Scouting … Helping young people get the most out of life
Scouting is open to all, boys and girls, aged 6 – 25 years. There are five sections for young people in the Scout movement that provide exciting opportunities tailored to the different age groups.
Weekly meetings, weekend events and longer camps offer a wide range of activities from IT to Kayaking. Scouting is about joining in, making friends, having fun, giving of your best, gaining badges and growing in confidence.
Beavers (age 6 – 8 )
Beavers are our youngest section in the Scouting family, young people can join from the age of 5½ years.
At weekly meetings Beavers enjoy many different activities including games, crafts, visits to interesting places, making friends and helping others. Beavers also enjoy sleepovers and camps helping to create independence as well as having fun with friends.
Cubs (age 8 – 10 1/2)
Cubs have fun in so many ways with their own Pack and with other Packs from across the District. Typically Cubs take part in activities such as exploring and improving the environment, hiking, fishing, camping, crafts, swimming, map reading, fire lighting, cooking and first aid. One of the yearly highlights for most Cubs is when they are given the opportunity to take part in Farriers’ Challenge – a 3 – 4 mile evening hike with a series of activities.
Completing challenges and activities enables the young person to be awarded a badge to wear on their uniform – much to the dismay of many parents when it comes to sewing all the badges on!.
When a Cub Scout is aged between 10½ and 11 they move on to the Scout Troop.
Scouts (age 101/2 – 14)
As with all secitons a Scout Troop usually meet once a week, but willl also have an active programme of activities at weekends and during school holidays. Scouts are given the opportunity to take part in local, national and overseas camps.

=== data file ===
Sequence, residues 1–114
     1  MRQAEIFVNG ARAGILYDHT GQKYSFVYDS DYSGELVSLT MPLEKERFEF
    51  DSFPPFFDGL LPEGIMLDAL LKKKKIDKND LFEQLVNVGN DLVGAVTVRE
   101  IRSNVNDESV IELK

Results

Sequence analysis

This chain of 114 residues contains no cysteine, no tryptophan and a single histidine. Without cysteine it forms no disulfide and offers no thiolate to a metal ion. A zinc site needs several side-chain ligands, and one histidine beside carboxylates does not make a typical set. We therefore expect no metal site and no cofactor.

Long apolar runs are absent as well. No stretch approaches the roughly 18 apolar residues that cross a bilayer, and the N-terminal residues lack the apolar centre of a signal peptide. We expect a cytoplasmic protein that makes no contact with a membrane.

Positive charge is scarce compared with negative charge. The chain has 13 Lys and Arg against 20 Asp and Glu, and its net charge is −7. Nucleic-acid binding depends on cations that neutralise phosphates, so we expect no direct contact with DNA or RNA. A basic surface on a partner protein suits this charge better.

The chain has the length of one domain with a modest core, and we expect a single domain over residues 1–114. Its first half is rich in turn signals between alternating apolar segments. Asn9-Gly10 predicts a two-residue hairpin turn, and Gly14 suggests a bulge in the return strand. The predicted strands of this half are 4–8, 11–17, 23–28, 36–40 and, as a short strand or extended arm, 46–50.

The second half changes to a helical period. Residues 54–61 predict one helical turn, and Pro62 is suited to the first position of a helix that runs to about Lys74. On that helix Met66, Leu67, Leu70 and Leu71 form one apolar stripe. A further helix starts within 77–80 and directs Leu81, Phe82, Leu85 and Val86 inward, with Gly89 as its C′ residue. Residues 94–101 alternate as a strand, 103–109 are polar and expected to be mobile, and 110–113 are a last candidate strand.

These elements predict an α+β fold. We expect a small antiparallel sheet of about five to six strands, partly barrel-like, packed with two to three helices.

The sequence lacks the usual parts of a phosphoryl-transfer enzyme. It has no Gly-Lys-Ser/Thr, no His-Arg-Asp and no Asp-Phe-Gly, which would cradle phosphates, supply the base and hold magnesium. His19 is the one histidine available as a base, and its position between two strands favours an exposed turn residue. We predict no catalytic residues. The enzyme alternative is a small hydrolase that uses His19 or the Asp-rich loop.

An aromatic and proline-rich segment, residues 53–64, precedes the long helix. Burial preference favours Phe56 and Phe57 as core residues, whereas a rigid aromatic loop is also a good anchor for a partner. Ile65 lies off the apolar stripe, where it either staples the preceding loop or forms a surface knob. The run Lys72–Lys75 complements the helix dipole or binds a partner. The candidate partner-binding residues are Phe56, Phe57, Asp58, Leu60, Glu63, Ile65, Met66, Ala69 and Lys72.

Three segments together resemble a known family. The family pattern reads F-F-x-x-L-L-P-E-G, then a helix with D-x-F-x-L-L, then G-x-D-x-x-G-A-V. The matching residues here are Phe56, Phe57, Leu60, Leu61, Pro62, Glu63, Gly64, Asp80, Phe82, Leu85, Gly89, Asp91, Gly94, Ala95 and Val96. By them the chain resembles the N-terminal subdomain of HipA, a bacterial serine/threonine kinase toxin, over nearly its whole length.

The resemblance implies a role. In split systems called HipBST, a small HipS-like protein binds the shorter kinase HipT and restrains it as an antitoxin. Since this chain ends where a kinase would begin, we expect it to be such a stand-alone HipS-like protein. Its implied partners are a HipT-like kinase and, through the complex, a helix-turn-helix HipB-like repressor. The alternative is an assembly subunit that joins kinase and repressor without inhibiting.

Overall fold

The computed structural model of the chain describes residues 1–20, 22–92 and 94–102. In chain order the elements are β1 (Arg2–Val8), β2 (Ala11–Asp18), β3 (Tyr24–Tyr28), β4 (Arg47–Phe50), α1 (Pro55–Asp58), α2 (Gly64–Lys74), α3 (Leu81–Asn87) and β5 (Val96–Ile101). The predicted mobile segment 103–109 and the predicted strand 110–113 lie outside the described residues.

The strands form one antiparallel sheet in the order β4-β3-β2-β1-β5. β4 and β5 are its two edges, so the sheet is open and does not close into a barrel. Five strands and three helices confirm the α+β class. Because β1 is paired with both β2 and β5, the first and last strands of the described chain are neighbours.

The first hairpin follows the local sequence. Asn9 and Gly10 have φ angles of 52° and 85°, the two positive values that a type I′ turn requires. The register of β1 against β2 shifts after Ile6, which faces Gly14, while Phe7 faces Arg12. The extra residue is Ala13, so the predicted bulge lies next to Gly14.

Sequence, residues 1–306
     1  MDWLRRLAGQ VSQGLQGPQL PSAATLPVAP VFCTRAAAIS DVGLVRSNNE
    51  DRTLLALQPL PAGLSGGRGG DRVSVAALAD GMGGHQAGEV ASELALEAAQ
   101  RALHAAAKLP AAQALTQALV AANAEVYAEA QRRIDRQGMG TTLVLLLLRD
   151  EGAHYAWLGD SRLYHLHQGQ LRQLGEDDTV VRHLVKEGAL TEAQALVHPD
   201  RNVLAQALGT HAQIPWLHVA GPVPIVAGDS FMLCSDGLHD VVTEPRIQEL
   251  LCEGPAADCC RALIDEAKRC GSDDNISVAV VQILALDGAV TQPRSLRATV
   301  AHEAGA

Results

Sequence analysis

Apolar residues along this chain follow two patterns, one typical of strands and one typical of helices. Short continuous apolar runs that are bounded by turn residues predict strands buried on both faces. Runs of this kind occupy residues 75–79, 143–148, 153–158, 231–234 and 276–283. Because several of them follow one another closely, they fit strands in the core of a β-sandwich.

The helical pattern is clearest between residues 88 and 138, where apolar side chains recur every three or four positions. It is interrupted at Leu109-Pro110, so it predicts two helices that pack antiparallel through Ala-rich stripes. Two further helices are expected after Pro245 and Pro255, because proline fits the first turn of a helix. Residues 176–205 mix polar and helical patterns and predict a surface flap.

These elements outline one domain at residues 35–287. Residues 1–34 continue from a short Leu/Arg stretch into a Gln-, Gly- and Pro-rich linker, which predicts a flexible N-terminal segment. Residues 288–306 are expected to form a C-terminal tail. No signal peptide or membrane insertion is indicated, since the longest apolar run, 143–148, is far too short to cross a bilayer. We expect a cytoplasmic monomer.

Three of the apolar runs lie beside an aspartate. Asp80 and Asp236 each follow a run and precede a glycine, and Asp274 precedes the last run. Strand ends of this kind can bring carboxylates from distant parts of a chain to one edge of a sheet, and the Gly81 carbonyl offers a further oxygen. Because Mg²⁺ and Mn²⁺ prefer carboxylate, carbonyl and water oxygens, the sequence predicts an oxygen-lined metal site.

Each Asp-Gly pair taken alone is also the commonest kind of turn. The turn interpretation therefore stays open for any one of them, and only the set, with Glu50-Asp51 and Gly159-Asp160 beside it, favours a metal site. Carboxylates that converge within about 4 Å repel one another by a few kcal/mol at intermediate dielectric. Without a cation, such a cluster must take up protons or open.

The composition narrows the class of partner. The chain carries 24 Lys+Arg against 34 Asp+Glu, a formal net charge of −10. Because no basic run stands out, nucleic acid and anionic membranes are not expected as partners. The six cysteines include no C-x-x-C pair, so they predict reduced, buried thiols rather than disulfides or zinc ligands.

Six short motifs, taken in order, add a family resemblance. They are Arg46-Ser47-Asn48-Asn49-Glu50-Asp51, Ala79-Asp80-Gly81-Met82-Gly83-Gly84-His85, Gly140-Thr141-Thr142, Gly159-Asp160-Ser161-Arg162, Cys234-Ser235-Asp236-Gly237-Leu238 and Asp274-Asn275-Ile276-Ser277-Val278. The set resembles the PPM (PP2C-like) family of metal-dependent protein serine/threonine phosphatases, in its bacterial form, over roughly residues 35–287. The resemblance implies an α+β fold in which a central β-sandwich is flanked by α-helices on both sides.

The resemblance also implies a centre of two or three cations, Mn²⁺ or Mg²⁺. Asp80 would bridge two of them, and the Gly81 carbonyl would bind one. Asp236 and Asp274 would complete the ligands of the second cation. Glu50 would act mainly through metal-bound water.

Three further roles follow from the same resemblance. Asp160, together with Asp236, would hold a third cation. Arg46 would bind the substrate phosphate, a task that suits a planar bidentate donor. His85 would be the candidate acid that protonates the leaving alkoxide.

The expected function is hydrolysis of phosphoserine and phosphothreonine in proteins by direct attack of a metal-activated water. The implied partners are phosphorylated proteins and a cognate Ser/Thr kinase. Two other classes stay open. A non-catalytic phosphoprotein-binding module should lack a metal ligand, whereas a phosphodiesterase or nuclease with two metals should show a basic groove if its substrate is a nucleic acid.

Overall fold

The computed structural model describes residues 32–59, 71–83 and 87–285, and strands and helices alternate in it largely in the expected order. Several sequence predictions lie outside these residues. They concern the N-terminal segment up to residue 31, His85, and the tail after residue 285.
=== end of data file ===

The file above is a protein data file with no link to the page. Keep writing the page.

Scouts are often outdoors, building on what they learnt in the younger sections and undertaking a wide range of adventurous activities, anything from abseiling, hill walking, sailing, raft building, outdoor cooking as well as the more traditional Scouting activities and skills of fire lighting and shelter building. Scouts can also develop creative talents such as DIY, art, music and cooking.
Explorers (age 14 – 18)
Being an Explorer allows young people to fit their other interests in and around Explorer meetings. Explorers can also join the Young Leader Scouting scheme and develop leadership skills working with a younger Scouting section in the local area.
There is an opportunity to work towards the Chief Scout’s Platinum Awards and the Duke of Edinburgh’s Awards. Employers and Higher Education / Universities acknowledge this scheme as showing responsibility, leadership and commitment.
Scout Network (age 18 – 25)
When Explorer Scouts are 18 they move on to the County Scout Network for 18 – 25 year olds. The Scout Network is the first adult section of Scouting. Many Scout Network members also take on appointments as leaders in Scouting. Click here to find out more about the Gloucestershire Scout Network.